Andrew Borba, Artistic Director of Chautauqua Theater Company and Rotary President Kevin Sixbey
Jim Smith introduced our speaker, Andrew Borba, Artistic Director, Chautauqua Theater Company. This is his 5th time as guest of the Club and his 16th summer at Chautauqua Theater Company (CTC). Besides directing, he is a gifted actor on stage and on television.
Andrew spoke about coming back from last year. The theme this year has been “pivoting”. Planning for the many possibilities started last September. It was decided to partner with the Opera. It was thought they would be performing in Norton Hall, and the CTC planned for a season of 1 person shows. However, due to union issues, that was not going to work. So it was decided to go outside and the Pratt Performance Pavilion was created. It is like a Repertory Company.
The final performance of Blood at the Root is July 18. Then the opera Scalia/Ginsburg is on stage. Then a one person show “Thurgood”. Tickets are $25. All performances are at 4 pm.
Andrew feels fortunate to be active. Theaters are still at 94% unemployment across the country.  In planning for the season the CTC wanted to have stories for right now. “Now” and “Community” were the dominant threads. Staffing was reduced from 100 to 24 with just 6 Conservatory actors and 3 Conservatory designers. However, the Academy reached more actors than in the past, due to zoom, connecting it to the greater theater community. From 19 the Academy expanded to 40 people all around the world.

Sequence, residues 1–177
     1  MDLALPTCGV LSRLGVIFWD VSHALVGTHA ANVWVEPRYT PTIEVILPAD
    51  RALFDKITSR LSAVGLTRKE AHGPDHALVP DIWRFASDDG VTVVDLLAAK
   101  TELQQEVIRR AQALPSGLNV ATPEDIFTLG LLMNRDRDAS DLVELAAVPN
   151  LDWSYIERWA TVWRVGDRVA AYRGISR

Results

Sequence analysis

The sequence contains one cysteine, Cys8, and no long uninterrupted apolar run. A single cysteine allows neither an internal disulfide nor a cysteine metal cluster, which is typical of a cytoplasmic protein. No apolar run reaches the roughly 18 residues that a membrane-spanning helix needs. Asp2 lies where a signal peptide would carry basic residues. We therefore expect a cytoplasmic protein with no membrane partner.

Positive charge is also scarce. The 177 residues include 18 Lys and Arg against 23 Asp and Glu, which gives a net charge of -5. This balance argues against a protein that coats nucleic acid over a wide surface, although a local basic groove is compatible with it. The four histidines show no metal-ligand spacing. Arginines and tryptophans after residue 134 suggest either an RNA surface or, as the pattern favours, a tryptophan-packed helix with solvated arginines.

Andrew noted that what is happening currently in theater, as in all our lives, is a bridge. It will be interesting what changes remain permanent. One emphasis is “self taping” and self-creation. Now an actor doesn’t have to go to LA, NY, Atlanta, or Chicago to be discovered.
The Young Playwrights program has also continued with tweaks. 3rd and 4th graders made plays and filmed them. TCT couldn’t perform them, but instead interviewed the kids.
The pandemic has made CTC more thoughtful about what we do, how, with whom and for whom, noted Mr. Borba. For now, it is just wonderful to be back in the same room together. 
Q: Is anything available for those who cannot go to Chautauqua. Yes, Young Playwrights, and also the 2 one-person shows with NPR stations, the one in Buffalo “one child”. Another in Detroit. They will be rebroadcast over time.
Q: What is going on with writers? Have you seen an influx of creativity? As far as writing, Andrew has not seen a uniform response. Some writers feel a surge of creativity, others feel isolated. However, there are a whole slew of young actors who have access.
Q: In your other job (as Professor of Drama at UC Irvine), how did students come out? They are a mess. Because it was a “lab” they were allowed to continue classes. However, since it is an interactive art form, they suffered because they did not have direct contact with professors or other students.